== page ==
Down in the D-Plan Dumps
One writer reflects on the realities of the D-Plan.
Introduced in the 1970s when Dartmouth switched to a quarter system, the D-Plan has become a staple of Dartmouth, an idea almost as inseparable to our culture as bad mouthing FOCO. The plan requires you to take at least one off-term during either a fall, winter or spring term and take classes during one summer term, which most students choose to do after their sophomore year.
If you search for the D-Plan on Dartmouth's website, you’ll find phrases like “unparalleled opportunities for internships and research,” “customize your academic calendar” and other buzzwords that treat the system as a revolutionary, inspired concept. It’s so unique to this school that — in typical Dartmouth fashion — its name derives from “Dartmouth” itself. And it is attractive.
The D-Plan was crucial in my decision to attend Dartmouth. My visit to campus occurred during sophomore summer, opening my eyes to a world in which afternoon river sessions and studying on Collis porch were the norm. I fell in love. When I asked alumni and current students about the quarter system — after a short hesitation and acknowledgement of the speed of each term — their voices would rise in excitement.
“Only take three classes a term! More time to be focused on those classes! Sophomore summer! An off-term where you can apply for less competitive internships and travel to visit your friends at other colleges!”
And now, over halfway through sophomore summer, the D-Plan seems to be working mighty well. Our time on campus during arguably the most beautiful of the New Hampshire seasons has offered our class a chance to bond in a much healthier way than the universal despair of our freshman year. Walking into Foco or Collis and running into a swarm of people I know has given me the chance to reconnect with people who otherwise would have been stuck with me in a perpetual loop of “We need to grab a meal soon!” Now, the obligatory ‘Let’s grab a meal soon!’ has turned into an actual meal. Sophomore summer has proved to be the shining jewel in the crown that is the D-Plan.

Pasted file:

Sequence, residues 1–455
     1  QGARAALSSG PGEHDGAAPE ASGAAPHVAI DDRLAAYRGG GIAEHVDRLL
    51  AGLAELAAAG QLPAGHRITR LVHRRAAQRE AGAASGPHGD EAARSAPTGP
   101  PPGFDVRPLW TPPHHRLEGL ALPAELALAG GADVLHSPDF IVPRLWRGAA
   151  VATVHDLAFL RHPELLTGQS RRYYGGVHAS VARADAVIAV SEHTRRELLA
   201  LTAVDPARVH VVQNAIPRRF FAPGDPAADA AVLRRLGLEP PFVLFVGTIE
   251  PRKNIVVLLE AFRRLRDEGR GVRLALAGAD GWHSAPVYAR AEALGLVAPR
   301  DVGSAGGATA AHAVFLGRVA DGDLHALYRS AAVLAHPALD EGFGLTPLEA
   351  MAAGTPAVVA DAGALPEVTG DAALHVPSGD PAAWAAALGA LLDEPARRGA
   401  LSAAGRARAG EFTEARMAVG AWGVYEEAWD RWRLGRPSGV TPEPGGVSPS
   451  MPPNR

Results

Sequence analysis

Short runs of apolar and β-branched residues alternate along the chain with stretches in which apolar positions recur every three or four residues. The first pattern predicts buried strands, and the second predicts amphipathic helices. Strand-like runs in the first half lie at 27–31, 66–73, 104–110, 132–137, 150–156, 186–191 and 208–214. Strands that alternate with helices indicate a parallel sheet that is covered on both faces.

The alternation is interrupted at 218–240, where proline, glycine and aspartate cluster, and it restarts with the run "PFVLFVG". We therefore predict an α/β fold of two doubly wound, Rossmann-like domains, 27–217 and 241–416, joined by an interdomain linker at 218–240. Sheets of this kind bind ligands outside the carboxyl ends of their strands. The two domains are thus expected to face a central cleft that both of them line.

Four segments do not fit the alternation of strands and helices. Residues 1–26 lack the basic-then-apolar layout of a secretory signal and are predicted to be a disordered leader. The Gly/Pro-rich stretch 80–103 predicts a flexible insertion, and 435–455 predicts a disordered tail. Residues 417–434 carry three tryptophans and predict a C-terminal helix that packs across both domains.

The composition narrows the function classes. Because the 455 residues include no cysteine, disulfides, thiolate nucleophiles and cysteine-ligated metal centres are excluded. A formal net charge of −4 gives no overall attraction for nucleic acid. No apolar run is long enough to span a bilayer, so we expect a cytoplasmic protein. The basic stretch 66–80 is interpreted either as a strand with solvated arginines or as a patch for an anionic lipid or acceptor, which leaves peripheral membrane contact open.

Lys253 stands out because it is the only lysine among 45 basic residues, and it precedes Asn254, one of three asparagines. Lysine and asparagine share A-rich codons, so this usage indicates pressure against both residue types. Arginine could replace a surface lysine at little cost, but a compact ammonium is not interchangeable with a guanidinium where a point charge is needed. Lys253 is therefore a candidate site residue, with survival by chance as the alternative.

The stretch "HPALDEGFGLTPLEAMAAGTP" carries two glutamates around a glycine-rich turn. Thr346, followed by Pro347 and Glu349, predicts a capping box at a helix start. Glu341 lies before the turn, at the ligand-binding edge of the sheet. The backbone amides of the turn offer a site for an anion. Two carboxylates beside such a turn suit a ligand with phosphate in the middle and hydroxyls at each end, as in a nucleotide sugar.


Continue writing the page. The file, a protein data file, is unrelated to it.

As for the other parts of the D-Plan, there is some truth to their perks. Perhaps the internship I secured for the fall would have been more competitive during another season. Maybe I would have resented the inflexibility and stagnancy of a normal two-semester year. But like most admissions offices tend to do, Dartmouth failed to mention some of the more negative aspects of the D-Plan. At this point in my Dartmouth career, as sophomore summer has surpassed its midway point, I have become aware of how much the D-Plan — simply put — kind of sucks.
Since planning out internships and off-terms and terms abroad, I’ve realized how much time I’m going to spend away from people I love on this campus. My off-term in the fall and my term abroad in the winter means I will only spend a singular last term with the ’23s, many of whom I’ve come to consider to be some of my closest friends. When I mention this to them, there’s a pause. We acknowledge the inevitability of it. And then, without fail, we proceed to say, “Man, the D-plan sucks.”